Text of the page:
• advertising products that contained claims, statements and implications that the advertised products were safe or alternatively, could not cause harm, when in fact they were not safe and could cause harm;
  • advertising products that expressly or impliedly encouraged the use of substances, or goods containing substances, included in Schedule 4 to the current Poisons Standard for one or more of the following uses, when such uses would be inappropriate:
    • anxiety, mood regulation, anti-ageing, body building, tanning, injury repair, weight loss, heart health and insomnia etc;
  • advertising products that presented scientific information in an inaccurate, imbalanced and misleading manner.

Exceptions

Jagot J accepted that the exception in section 42AA(4) of the Act was inapplicable to Peptide Clinics. The exception applies to advertisements directed to a prescribed class of people (namely, medical practitioners and various other health professionals) and advice or information given directly to a patient by a medical practitioner in the course of treatment.

Advertisements

The section 42AA(4) exception did not apply to the advertisements on Peptide Clinics’ website, Instagram and Facebook accounts because they were publicly accessible and there was no medical practitioner involved in the process at all.

Business model

The Secretary successfully established that the exception did not apply because the methods used to sell products and treatments by Peptide Clinics generally fell well short of the minimum standards expected of a doctor when treating a “patient” in respect of a medical condition.

Neither the Five-Step System nor the Telephone System would be captured because there was no “direct contact between the customer and the medical practitioner.” The customers were not considered patients of the clinic or the medical practitioner for the purposes of section 42AA(4) because the relationship “lacked the elemental features of a doctor/patient relationship” and the minimum requirements of a medical assessment were not met.

In drawing this conclusion, Jagot J accepted further expert evidence from Professor Handelsman, before stating:

“A complete medical assessment requires a complete physical examination, information on risks of a proposed treatment and fully informed consent among other things. In his opinion, none of the criteria are satisfied by the inadequate online Medical Questionnaire (or phone call) as the sole medical assessment of the patient.”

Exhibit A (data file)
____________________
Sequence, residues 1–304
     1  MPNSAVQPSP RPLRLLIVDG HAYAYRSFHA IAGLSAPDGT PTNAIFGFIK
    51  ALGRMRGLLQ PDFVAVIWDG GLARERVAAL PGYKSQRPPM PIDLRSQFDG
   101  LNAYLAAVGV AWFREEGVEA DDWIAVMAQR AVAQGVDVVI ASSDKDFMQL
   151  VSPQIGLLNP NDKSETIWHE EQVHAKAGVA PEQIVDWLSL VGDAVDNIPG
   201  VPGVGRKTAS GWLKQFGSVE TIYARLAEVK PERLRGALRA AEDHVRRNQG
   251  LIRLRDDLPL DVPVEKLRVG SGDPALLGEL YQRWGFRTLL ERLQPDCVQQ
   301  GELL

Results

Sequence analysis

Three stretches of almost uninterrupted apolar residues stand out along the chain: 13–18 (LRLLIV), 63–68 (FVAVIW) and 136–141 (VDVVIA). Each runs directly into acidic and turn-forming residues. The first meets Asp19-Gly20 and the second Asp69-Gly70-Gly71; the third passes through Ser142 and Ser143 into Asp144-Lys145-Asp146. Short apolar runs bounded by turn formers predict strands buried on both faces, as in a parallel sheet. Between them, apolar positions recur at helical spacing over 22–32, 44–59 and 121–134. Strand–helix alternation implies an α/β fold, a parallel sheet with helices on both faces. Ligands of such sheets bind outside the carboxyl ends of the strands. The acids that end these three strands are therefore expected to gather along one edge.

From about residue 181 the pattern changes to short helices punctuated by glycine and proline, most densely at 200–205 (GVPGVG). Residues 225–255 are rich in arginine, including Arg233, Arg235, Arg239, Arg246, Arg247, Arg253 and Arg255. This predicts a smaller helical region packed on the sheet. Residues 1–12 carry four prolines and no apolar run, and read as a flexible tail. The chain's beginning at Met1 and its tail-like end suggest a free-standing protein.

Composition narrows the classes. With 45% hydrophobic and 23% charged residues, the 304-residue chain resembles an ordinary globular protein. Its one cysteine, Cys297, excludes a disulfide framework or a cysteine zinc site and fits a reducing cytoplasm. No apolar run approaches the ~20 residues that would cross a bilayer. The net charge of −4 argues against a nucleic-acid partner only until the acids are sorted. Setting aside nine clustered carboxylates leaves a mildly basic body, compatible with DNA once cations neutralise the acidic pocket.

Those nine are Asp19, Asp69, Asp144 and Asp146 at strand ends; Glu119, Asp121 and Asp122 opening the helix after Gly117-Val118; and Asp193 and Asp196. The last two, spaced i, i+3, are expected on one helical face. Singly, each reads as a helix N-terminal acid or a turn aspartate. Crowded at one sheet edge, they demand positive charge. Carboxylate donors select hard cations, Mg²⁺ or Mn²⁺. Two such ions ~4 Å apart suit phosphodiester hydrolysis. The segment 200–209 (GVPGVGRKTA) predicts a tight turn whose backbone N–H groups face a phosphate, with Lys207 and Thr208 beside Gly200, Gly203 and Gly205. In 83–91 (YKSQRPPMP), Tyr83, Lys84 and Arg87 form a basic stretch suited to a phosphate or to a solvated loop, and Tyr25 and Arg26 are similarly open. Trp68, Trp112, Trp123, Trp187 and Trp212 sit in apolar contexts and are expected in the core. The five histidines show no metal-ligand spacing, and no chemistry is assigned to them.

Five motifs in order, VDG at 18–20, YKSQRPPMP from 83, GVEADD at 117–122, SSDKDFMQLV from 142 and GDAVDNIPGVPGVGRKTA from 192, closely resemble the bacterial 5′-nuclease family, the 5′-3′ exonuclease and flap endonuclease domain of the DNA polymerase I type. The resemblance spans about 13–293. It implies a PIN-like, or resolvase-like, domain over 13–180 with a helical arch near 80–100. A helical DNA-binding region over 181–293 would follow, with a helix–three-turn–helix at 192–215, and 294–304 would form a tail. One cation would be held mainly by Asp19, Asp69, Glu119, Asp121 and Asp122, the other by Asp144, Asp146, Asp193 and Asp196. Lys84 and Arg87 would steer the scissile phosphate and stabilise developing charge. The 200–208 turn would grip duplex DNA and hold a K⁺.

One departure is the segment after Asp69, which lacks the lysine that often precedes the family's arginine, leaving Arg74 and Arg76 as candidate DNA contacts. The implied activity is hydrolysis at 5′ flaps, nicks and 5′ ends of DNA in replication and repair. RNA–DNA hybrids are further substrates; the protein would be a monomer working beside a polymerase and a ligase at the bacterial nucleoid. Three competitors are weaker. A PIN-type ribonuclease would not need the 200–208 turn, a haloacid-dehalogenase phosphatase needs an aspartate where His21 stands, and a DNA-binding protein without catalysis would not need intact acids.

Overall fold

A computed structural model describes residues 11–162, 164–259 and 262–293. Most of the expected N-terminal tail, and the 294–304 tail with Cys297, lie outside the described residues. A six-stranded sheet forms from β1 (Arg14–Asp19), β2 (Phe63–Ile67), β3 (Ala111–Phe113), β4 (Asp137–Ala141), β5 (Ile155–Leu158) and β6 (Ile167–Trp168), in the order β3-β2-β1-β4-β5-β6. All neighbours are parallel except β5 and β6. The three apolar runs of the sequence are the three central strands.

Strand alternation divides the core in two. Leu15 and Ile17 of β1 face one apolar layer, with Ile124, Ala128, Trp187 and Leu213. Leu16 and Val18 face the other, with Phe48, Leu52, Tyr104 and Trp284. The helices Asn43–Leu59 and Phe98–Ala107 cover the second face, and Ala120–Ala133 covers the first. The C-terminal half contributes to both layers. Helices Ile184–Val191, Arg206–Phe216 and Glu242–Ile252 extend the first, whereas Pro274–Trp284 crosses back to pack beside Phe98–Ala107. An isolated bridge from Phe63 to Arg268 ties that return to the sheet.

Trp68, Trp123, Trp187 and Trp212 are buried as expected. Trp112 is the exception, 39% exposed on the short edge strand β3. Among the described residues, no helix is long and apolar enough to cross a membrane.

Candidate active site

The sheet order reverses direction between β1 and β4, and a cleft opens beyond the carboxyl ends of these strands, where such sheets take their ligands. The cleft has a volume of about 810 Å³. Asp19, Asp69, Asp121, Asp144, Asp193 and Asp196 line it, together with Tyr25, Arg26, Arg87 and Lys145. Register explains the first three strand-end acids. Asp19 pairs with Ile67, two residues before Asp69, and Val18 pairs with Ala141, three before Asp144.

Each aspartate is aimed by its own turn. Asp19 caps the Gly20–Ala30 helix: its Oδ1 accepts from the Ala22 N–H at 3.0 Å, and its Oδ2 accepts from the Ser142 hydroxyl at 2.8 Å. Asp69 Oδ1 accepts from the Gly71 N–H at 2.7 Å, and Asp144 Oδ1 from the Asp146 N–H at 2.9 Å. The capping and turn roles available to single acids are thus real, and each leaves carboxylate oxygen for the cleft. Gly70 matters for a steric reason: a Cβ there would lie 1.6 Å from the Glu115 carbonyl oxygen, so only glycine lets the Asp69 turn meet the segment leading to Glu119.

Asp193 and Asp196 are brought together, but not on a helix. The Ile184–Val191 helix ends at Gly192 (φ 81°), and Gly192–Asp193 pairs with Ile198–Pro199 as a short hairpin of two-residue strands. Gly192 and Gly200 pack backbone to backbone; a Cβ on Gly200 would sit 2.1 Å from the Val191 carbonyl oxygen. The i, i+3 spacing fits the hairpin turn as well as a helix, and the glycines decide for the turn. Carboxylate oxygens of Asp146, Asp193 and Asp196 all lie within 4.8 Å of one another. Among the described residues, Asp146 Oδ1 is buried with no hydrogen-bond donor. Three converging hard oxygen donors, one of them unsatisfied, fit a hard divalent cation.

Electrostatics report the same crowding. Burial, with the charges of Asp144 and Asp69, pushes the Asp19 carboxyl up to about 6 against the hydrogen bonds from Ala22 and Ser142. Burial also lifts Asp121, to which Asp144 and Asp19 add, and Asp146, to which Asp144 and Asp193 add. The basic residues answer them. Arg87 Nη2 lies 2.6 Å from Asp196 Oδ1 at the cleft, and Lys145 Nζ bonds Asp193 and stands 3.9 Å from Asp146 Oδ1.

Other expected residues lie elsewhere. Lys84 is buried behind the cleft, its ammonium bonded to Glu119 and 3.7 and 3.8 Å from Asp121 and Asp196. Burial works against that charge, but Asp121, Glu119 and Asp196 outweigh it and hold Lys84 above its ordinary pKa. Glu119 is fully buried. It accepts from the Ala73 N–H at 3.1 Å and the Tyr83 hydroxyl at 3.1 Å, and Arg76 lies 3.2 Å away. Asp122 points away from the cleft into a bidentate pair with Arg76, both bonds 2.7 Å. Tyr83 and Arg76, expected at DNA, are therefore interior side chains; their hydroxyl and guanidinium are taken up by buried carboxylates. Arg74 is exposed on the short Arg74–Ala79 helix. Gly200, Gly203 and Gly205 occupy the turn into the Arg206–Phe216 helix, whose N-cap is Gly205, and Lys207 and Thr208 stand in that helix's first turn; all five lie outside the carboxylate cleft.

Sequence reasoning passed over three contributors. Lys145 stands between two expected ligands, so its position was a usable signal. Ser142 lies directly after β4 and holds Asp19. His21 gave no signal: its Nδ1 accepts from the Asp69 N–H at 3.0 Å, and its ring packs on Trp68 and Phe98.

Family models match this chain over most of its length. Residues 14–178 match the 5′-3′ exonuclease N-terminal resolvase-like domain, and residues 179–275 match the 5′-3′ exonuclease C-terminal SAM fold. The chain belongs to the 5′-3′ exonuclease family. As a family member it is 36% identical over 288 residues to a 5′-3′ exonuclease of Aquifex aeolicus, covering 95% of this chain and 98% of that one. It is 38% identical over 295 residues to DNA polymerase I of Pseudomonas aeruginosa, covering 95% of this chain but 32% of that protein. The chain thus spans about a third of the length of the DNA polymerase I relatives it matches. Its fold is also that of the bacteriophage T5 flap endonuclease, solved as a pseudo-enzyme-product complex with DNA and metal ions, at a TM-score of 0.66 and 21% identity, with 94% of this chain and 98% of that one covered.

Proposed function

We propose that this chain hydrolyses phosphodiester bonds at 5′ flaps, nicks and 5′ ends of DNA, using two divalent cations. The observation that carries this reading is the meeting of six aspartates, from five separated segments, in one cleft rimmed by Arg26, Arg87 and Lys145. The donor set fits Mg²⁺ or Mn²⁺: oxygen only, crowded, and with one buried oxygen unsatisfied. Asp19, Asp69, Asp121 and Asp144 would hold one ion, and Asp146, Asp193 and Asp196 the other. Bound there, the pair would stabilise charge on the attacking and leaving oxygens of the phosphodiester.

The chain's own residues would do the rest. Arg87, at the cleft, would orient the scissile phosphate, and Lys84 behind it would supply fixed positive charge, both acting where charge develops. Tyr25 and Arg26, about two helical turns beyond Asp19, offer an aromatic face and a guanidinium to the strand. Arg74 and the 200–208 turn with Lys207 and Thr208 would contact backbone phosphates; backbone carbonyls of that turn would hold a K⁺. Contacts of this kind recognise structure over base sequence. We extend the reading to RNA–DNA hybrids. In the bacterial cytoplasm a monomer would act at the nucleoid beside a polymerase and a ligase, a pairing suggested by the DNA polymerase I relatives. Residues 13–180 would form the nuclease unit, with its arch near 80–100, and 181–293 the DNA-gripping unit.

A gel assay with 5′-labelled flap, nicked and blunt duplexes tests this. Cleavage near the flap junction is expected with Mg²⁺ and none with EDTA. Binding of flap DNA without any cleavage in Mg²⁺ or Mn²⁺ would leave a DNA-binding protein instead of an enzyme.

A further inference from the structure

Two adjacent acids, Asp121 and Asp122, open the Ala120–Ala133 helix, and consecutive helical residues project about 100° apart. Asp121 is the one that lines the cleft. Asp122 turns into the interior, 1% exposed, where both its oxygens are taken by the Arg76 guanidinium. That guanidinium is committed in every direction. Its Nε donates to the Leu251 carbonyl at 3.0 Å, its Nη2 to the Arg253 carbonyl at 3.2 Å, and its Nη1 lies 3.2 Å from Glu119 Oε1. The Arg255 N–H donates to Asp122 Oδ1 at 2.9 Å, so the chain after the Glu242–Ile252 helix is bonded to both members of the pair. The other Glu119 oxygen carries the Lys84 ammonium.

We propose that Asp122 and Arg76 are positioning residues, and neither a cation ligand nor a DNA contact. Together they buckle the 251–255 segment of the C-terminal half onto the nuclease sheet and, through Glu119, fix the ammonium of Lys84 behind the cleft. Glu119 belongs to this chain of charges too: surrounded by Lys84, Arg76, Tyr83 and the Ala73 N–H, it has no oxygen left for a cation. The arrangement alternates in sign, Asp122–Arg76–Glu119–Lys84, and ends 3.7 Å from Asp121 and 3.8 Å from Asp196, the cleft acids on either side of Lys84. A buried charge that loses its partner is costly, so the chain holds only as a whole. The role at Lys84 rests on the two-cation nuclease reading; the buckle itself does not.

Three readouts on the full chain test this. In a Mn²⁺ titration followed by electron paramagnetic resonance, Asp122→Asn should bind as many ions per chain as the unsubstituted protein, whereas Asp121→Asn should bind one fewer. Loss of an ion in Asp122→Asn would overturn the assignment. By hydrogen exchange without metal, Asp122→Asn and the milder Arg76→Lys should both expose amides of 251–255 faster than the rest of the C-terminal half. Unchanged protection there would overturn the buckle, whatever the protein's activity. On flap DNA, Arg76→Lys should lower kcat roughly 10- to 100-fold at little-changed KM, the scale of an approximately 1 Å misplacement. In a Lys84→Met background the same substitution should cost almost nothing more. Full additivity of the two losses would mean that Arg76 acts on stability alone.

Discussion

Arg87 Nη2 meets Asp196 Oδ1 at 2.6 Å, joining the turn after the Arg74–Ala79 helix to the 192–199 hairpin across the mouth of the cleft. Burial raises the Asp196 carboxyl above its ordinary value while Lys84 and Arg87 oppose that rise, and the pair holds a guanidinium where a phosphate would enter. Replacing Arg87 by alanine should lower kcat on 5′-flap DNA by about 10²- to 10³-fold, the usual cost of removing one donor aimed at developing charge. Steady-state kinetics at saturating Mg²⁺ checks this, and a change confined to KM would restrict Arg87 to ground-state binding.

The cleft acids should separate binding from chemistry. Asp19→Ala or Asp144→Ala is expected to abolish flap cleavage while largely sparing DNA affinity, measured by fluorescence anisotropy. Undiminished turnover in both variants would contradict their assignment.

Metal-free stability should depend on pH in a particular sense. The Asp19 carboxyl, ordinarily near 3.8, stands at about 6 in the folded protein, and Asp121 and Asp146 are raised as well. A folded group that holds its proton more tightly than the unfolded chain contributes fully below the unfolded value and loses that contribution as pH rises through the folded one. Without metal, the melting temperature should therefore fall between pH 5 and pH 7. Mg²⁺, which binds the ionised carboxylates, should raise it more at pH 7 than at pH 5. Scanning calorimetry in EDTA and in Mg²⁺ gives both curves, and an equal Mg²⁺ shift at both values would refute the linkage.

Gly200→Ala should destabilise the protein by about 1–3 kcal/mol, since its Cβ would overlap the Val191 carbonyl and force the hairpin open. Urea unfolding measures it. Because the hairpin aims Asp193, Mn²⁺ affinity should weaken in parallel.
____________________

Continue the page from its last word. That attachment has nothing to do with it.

Penalty considerations

The key factors Jagot J considered in determining the penalty included:

  • Peptide Clinic’s use of doctors to give the business “the veneer of medical legitimacy” and compliance with the Act when, in substance, there was none;
  • the contraventions had a wide reach with the company advertising that it had 50,000 satisfied patients;
  • the conduct exposed a deliberate decision to pursue profits at the expense of public health and safety, and continued despite the TGA repeatedly raising concerns about the conduct;
  • the TGA gave Peptide Clinics every opportunity to address its concerns and correct its conduct; Peptide Clinics failed to do so;
  • Peptide Clinics was obstructionist, refusing to provide the TGA with information when requested;
  • Peptide Clinics did not co-operate with the Secretary in the course of the proceeding;
  • Peptide Clinics showed no contrition for its conduct, giving the impression that the company lacked a “compliance culture”;
  • the fact that, although Peptide Clinics was in liquidation, it was still appropriate to order a penalty as a measure of the Court’s disapproval and for the seriousness in which the contraventions were regarded.

Ultimately, the Court determined the case warranted a significant penalty as the conduct was “egregious because it gave consumers the false impression that the information contained in the advertisements was provided by a medical practitioner acting in their best interests to treat their individual needs”. Jagot J held that Peptide Clinics had no intention of complying with its obligations under the Act unless it was forced to do so. The $10 million penalty secured the objective of general deterrence by making it clear that companies will not be able to profit from their wrongdoing.

Compliance Impact

Subscribers should be aware of the serious nature of making false advertising claims when providing health services and products that contravene the Act and the Therapeutic Goods Advertising Code.

Peptide Clinics deliberately and recklessly pursued its own financial self-interest at the expense of its legal obligations and the interests of public health.

Although the circumstances of Peptide Clinics were especially egregious, the case is an important reminder of the TGA’s preparedness to pursue court proceedings and seek substantial penalties against organisations who put their own interests ahead of public health and safety.